Great Green Bush Cricket on Amaranthus caudatus.
Amaranth is an ancient grain. Its family name is Amanthaceae, with nearly 900 species worldwide. This article focuses on the non-native species Amaranthus caudatus, a species grown by the Aztec Indians of Mexico 8000 years ago, and which has naturalized in my area, Northern California. Yes, that the popular amaranth in our garden is not native was a concern to me when considering it as a topic for this blog site. However, I am taking the time to discuss it here because of its generous gift to both humans and wildlife as a food source.
Mature amaranth in the fall surrounds garden seating. Note the pale color of the seed heads — time to harvest seed.
Amaranth likes disturbed soils. It gets its common name “pigweed” because it frequently thrives in the disturbed soils of barnyards, especially pig pens. But because there are so many plants commonly referred to as pigweed, I use “amaranth” in this article. Furthermore, I do not use Amaranthus caudatus‘s other common name, “love-lies-bleeding”, because that’s just plain weird! We’ll stick to “amaranth”.
Young volunteer amaranth in the author’s garden.
A curious thing happened in our garden recently. We reclaimed a garden bed that had laid fallow– it was an excellent undisturbed wildlife brush pile creating excellent soil!!! The soil was pushed back off off walkway slates and churned into a planting mound. It was disturbed, first time in a couple of years. Up came amaranth, all along the borders of the bed, some on the mound. Yes, there’s cucumber in there somewhere.
Young amaranth in the author’s garden competes with dock and rhubarb.
The young amaranth leaves have been a delicious salad addition. Tastes a little like soil to me, but I appreciate the not-iceberg-lettuce! hearty flavor.
These amaranth (foreground), by fall, will have been thinned, will grow to over 6 feet tall, and will drape luscious tassel-like, seed-rich flowers.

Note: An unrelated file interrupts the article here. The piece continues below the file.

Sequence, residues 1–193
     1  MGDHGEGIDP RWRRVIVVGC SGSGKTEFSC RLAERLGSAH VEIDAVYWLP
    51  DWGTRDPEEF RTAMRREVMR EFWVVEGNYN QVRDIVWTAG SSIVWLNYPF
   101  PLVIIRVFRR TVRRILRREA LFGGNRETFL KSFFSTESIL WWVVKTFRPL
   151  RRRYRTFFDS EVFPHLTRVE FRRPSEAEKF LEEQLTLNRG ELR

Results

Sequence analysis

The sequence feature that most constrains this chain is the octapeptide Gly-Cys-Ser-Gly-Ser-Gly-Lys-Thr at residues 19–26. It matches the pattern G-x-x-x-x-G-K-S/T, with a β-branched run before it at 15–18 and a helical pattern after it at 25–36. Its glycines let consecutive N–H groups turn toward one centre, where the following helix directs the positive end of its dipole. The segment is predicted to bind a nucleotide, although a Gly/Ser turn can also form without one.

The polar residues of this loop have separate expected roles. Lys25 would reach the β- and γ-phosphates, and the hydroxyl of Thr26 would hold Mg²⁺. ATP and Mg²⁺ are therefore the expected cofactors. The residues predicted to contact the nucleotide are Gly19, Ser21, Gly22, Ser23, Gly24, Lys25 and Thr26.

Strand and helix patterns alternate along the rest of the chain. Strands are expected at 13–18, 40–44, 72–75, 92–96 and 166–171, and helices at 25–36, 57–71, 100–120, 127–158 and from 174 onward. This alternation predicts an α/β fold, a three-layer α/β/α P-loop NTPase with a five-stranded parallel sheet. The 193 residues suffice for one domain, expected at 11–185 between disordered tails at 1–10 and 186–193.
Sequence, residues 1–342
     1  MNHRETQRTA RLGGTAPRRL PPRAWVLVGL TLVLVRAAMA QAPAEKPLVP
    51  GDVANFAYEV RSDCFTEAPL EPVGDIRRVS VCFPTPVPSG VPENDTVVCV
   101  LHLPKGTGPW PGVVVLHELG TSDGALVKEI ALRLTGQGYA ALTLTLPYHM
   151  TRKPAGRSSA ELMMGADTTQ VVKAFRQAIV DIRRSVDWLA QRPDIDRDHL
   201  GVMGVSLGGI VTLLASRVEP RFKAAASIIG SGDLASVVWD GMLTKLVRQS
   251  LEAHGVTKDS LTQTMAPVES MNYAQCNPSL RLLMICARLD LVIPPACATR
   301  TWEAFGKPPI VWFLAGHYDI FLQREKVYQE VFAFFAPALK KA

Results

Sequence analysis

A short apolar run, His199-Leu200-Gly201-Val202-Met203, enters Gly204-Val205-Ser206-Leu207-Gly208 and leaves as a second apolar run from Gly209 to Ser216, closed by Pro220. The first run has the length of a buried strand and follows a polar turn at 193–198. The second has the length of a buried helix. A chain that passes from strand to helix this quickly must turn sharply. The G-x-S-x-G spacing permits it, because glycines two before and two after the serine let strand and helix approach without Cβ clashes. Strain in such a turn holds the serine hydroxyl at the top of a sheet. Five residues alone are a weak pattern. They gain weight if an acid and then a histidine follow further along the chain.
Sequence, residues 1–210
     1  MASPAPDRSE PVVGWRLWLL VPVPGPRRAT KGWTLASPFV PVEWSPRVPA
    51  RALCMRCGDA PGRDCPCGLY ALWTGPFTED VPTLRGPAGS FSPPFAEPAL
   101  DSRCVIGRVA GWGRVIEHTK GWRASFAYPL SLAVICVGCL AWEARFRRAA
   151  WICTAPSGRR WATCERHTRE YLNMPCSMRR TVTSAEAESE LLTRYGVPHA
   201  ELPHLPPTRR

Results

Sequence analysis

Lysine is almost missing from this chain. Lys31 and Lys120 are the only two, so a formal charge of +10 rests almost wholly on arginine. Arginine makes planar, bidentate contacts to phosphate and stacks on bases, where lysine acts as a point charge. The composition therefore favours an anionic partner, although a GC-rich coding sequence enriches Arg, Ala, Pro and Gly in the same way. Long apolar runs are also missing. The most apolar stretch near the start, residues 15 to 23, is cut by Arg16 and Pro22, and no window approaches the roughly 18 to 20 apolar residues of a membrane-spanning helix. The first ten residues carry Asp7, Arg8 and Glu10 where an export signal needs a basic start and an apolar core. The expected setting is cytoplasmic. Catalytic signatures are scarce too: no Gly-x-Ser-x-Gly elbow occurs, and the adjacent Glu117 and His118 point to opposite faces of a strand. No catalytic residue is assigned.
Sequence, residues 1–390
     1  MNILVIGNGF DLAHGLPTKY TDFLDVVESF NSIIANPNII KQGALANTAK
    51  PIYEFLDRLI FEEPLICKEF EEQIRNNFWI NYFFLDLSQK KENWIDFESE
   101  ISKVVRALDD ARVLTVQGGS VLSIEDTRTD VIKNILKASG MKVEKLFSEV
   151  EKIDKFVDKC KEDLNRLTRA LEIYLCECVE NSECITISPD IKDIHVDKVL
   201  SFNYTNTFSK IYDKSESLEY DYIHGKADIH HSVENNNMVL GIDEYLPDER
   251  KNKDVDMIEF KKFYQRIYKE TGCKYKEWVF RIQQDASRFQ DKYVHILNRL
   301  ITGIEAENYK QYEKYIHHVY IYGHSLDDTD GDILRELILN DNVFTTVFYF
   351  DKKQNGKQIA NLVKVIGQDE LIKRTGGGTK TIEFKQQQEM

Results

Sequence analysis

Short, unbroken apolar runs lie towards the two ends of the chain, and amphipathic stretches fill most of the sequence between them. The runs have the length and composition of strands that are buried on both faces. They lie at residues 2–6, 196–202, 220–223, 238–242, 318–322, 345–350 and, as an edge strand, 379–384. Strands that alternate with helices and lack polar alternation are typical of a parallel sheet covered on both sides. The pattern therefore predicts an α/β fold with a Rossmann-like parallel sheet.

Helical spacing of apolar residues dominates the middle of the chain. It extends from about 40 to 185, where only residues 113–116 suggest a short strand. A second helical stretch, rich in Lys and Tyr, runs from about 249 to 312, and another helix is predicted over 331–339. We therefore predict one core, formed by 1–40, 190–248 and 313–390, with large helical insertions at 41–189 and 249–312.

Amaranth is considered an insectary plant, and that’s no wonder considering how many zillions (don’t quote me) of flowerlets there are, with each needing to be pollinated before becoming a seed.
Amaranth stalks are filled with pith, a welcoming overwintering habitat for insects.
The substantial sturdy stems of amaranth can become so ridged and thick that an adult’s hand just reaches around it. Inside is a porous pith — perfect burrowing material for insects. At harvest time, don’t forget to leave some stalks in the garden to encourage wildlife to overwinter in your garden. Besides, you will never get the last seed from the Medusa of flowers, but hungry songbirds might. So leave harvested stalks in your garden. One person’s “debris” could be a whole ecosystem’s habitat.
Birds feeding on Amaranthus caudatus. Photo credit: Diane Kennedy of Vegetariat (http://www.vegetariat.com).
Bird feeding on Amaranthus caudatus. Photo credit: Diane Kennedy of Vegetariat (http://www.vegetariat.com).
The advantages for including amaranth in my edible garden, which is within our “habitat food forest”, keep adding up. Buckwheat and amaranth pancakes for us, pollen and leafage for insects and small critters, seed for birds, a soil builder, and an overwintering material for insects and soil critters.
Enjoy your wildlife habitat garden!
Some Extra Photos:
Amaranth caudatus growing alongside Bird Bath Beach in the author’s garden. Note rocks in the bath — steps to the deep end for wasps, bees, butterflies, and birds. Also note the driftwood perches to allow birds to check for safety before committing to the water.
The red pigment in amaranth was used by the Native American Hopi tribe to dye cloth.
Amaranth seedlings (purple, back right) are tiny in relation to a sunflower seedling (green, with seed still attached).
Drying stand for amaranth. The flower clusters will be “milked” so that the seed will drop onto the sheet for easy collection.